St. John’s Staten Island campus is building students’ paths to academic success even before they enter college.
“Sandy Ground at St. John’s: Faces of the Underground Railroad”
Grant funded by Humanities New York, “Sandy Ground at St. John’s” brings high school students to the newly renovated Loretto Library Community Learning Commons to engage with the exhibit of Sandy Ground Historical Society and enhance their learning in social studies, American history, Staten Island history, and African-American culture.
Tobin College Department of Management “Difference Makers”
“Difference Makers” is a new program created by Tobin College’s Department of Management on the Staten Island campus that partners high school students with St. John’s community partners, giving them the chance to join St. John’s civic engagement efforts and turn their community service into college preparation.High school students completing their community service receive a certificate of completion, a celebratory dinner with the community partner, and a letter of recommendation. Contact Dr. William Reisel at [email protected] for more information.
School of Education Community Partnership Program
The Community Partnership Program provides a distinct experiential approach to teacher preparation through practical experiences at nonprofit organizations and cultural institutions and serves as a means for cultivating teachers’ knowledge of and responsiveness to issues school-age children and their families can confront.
Contact Regina Mistretta at (718)390-4491 or [email protected] for more information about the School of Education’s Community Partnership Program.
Staten Island’s non-profit organizations play a key role in bringing services and new policies to the borough. St. John’s Staten Island campus is playing an active role in promoting the growth of non-profit corporations, one of borough’s most active economic sectors, through research and capacity-builiding partnerships with these key organizations:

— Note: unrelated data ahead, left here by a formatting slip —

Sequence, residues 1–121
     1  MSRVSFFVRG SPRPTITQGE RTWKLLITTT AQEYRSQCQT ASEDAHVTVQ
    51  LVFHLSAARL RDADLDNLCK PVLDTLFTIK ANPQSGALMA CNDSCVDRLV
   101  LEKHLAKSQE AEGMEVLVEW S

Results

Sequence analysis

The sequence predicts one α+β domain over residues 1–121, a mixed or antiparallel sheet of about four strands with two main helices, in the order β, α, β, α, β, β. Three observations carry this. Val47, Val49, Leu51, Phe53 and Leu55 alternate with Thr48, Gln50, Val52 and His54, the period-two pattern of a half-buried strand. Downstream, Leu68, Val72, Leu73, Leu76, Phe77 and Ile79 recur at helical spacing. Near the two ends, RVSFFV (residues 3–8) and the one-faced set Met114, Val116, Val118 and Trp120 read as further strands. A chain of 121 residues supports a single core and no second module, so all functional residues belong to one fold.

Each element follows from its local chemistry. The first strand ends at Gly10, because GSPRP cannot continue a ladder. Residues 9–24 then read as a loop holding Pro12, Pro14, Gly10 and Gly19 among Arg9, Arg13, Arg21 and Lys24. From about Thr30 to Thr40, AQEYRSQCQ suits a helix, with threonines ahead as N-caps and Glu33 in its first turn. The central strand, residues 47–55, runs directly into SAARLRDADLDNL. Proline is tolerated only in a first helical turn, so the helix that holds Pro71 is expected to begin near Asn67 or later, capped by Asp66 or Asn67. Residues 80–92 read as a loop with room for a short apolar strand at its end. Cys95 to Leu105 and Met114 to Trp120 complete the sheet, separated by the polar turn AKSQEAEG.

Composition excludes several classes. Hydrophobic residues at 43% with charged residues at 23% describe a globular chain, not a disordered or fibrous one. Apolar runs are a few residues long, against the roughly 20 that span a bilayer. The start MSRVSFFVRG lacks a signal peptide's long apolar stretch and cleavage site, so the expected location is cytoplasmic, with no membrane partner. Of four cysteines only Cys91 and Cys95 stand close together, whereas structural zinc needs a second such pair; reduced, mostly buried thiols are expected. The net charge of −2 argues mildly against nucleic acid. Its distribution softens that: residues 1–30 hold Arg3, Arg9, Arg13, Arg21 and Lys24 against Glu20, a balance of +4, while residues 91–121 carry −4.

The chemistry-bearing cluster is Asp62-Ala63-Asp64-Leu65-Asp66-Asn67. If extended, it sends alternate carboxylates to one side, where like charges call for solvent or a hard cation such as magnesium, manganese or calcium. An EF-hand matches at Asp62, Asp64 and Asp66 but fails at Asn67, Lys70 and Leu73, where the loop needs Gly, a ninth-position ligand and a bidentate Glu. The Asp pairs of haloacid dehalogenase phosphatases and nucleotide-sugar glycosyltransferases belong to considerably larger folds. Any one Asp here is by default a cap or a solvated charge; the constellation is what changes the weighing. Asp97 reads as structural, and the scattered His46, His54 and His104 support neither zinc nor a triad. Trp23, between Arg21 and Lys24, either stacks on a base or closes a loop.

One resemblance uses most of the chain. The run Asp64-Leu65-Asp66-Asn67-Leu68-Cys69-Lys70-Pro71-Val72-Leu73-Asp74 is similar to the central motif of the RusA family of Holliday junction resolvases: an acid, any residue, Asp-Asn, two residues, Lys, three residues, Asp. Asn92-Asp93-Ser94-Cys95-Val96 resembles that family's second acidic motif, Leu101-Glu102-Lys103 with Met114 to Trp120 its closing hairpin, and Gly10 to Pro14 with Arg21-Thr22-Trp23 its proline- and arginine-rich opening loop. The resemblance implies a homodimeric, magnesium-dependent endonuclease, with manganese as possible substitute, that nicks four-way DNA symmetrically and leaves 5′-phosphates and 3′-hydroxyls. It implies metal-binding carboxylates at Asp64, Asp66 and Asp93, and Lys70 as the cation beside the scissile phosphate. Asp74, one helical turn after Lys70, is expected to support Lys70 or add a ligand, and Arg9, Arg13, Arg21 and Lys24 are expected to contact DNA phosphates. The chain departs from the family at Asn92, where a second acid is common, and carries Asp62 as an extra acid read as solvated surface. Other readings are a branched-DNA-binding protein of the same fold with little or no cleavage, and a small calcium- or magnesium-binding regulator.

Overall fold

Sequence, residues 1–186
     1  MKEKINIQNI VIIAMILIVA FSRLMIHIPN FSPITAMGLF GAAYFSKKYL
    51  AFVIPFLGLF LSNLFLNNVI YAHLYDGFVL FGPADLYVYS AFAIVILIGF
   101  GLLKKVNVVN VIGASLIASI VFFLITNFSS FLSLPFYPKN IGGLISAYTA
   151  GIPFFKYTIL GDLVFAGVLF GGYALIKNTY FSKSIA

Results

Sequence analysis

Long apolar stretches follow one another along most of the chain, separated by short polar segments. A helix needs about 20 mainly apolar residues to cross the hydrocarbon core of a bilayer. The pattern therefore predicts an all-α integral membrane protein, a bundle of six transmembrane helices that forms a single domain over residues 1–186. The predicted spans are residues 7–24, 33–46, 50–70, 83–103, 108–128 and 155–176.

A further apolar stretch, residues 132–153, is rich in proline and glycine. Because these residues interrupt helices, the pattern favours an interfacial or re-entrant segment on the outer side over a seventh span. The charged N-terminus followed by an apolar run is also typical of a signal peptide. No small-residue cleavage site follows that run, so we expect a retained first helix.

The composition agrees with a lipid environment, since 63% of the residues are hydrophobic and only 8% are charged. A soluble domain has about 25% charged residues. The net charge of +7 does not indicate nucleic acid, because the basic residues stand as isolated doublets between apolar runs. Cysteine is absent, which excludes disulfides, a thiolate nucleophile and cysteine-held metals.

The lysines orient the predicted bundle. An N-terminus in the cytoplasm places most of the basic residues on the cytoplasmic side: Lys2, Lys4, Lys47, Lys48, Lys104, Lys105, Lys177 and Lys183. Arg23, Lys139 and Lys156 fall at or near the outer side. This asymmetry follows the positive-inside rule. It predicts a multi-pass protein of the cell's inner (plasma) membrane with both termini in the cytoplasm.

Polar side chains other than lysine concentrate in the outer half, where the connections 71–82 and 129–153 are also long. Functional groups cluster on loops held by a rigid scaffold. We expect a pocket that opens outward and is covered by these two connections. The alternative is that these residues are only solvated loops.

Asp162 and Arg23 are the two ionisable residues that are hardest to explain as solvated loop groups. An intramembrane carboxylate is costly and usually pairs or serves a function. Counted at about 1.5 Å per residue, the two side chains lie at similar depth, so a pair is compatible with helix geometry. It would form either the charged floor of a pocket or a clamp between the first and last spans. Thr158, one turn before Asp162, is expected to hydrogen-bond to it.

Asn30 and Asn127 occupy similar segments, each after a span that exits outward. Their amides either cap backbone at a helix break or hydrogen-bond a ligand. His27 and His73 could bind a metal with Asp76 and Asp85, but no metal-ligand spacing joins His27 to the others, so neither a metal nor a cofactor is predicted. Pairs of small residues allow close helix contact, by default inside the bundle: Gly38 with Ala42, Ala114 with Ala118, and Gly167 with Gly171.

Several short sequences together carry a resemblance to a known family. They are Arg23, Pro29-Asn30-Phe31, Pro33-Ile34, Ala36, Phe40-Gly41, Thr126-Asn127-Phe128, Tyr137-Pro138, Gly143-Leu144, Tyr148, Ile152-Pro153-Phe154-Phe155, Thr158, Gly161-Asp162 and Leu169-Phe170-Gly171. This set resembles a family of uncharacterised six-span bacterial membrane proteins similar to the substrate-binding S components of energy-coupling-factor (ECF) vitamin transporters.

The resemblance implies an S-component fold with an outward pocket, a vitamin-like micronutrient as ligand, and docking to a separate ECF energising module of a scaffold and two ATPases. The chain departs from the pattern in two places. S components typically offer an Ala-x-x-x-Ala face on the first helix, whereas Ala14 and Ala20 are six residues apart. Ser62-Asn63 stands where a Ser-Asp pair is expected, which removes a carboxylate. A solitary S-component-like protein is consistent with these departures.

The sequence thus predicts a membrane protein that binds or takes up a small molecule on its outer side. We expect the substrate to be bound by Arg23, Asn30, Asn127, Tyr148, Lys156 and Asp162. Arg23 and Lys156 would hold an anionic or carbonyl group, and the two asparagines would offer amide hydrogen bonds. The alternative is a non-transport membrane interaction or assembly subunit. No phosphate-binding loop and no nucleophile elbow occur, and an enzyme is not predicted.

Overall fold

Staten Island Economic Development Corporation
SIEDC’s mission is to enhance Staten Island’s economy by promoting public and private investment and encouraging development to improve the quality of life.
Staten Island Chamber of Commerce
The Chamber of Commerce has several goals for local community businesses that involves referring business, helping to solve business problems, promoting local business, and providing networking opportunities.
Central Family Life Center
The only minority-led community center of its kind on Staten Island, Central Family Life Center seeks to improve the lives and environment of Staten Island residents and houses many critical social service programs for the borough’s diverse residents.
North Shore Business Association
The North Shore Business Association is comprised of local business owners whose goal is to bring cohesion and a voice to the North Shore of Staten Island. Our membership is committed to the transformation, beautification and fostering safety in our neighborhoods.
Founded to focus on supporting and giving voice to the African immigrant, African American and Caribbean American and immigrant communities of Staten Island, Island Voice provides innovative programs for youth empowerment, cultural awareness and economic empowerment.
Immigrant Information Center
St. John’s offers capacity building and program support for the Immigrant Information Center, which offers immigration assistance and career building services.
Healthy neighborhoods have green spaces, good air quality, easily accessible fresh food, and abundant recreational access.St. John’s Staten Island Campus plays an active role in promoting the borough’s public health through program and research partnerships with these key organizations:
Staten Island Performing Provider System Healthy Neighborhood Project (SIPPS)
An alliance of clinical and social service providers focused on improving the quality of care and overall heath for Staten Island’s Medicaid and uninsured populations, SIPPS manages the Healthy Neighborhoods research project, a survey of environmental factors affecting health outcomes.